Here you see the oven almost finished. The 2 holes at the back are the fan (upper) and the outlet (lower). 3 of the elements are seen on the left of the oven. On the door the 2 white round things are the lights not yet installed. The window came from an old oven door that I found at the local appliance store that was going to be tossed. The large square opening on the side by the window is a viewing port that has a removable plug so I can shoot laser temps through. I have a double fiberglass seal on the oven for the door to seal against.
This is the control box I came up with. I built it myself with my new brake. The bus bars are from west marine. The main power coupler at the top I made from some aluminum blocks and brass blocks my buddy had lying around. I used a peice of polyethelyne plastic as an insulator behind the main power bar. The mechicanical contactors are 240 volt contactors from EBAY they were about 6.00 ea. the PID is from Auberins 44.00 www.auberins.com easy to use and set up.
This is the completed box. I could go into detail about the wiring here but I don't want to bore anyone to death. The take away here is I had no idea how to do this before I started but with some research and help from the caswell forum was enough to get it done. There are a ton of schematics for wiring on casewell forum just find the one that will work for your application. ELECTRICTY IS INHARENTLY DANGEROUS IF YOU ARE NOT COMFORTABLE DOING ELECTRIC WORK HIRE A PROFESSIONAL.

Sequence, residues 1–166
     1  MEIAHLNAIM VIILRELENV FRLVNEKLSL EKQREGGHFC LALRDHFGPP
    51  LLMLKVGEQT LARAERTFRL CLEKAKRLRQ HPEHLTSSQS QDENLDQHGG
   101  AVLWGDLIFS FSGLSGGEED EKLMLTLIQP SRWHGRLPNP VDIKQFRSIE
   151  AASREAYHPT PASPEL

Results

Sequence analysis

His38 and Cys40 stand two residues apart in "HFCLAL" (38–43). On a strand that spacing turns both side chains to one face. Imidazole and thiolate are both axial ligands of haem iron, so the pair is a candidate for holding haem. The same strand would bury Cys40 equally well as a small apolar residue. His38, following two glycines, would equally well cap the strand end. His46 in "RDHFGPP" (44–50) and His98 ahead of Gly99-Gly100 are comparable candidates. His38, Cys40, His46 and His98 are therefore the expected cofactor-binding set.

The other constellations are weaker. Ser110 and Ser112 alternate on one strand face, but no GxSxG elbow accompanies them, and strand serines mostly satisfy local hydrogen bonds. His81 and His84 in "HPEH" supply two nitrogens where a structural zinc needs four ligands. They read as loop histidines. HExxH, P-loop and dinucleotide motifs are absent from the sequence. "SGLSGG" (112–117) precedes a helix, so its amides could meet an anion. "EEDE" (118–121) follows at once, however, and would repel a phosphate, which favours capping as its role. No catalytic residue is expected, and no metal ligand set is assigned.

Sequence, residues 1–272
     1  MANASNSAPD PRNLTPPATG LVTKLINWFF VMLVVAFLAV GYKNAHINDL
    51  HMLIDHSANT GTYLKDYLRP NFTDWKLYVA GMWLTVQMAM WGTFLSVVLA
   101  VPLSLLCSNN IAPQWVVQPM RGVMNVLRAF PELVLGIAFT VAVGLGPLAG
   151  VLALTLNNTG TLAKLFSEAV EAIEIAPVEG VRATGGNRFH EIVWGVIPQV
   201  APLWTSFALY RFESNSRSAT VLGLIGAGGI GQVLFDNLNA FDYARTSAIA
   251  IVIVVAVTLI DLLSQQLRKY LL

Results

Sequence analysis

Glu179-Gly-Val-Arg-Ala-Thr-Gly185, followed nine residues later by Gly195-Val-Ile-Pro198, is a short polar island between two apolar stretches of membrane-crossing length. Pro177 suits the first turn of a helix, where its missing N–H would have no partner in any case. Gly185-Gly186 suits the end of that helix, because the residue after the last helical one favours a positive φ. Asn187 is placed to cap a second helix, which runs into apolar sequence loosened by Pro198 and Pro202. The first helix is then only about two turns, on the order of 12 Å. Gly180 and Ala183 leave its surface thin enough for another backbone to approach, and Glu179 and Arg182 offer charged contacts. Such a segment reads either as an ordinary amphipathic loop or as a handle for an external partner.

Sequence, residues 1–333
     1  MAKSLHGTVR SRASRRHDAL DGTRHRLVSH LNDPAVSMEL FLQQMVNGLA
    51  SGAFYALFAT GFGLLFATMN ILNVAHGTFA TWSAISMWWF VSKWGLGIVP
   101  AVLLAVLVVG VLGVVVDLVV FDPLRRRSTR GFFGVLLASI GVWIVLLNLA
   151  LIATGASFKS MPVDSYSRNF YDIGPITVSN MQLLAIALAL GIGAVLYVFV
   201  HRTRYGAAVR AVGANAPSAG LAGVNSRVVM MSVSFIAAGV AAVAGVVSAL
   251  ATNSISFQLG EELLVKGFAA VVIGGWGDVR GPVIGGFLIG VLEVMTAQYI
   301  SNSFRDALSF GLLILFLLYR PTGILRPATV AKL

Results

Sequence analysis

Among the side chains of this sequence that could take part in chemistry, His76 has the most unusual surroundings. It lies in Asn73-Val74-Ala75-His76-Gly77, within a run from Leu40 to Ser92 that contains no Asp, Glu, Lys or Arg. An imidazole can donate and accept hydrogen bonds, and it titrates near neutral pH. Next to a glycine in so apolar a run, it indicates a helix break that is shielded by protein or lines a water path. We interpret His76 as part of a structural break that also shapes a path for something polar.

If you are looking to buy a control box check out Teds Fabs or the Fab Shop Good prices and good customer service.
The oven takes about 67 amps of power (enough to kill you) split between 2 forty amp breakers. I had all my work checked by a qualified electrician before turning it on for the first time.
The back of the oven is where the fan is. This was a mistake to box it in, it over heated because there was no air circulating around it. I will soon open it up so it will stay cooler... And spend another 102.00 to pay for education.
You may have noticed that the oven is about 8 inches off the gound. Here is my solution. I built a cart that has a sliding rack. The inside of the oven has 2 rails that match up to the rails on the cart. I was powder coating on the rack but I found that the electrical gound was weak and the powder was not sticking well. Now I coat on a swivel hook and transfer the peice to the cart then slide it in the oven. slick as fresh dog poo.
For those of you wondering, I actually do have way too much time on my hands.
Thanks for looking
Remember if your looking for something to powdercoat I offer a full line of custom one off plasma cut steel signs and custom one off plasma cut parts. I Use CAD not Artistic software to design all my signs and parts to ensure true dimensions of the finished parts.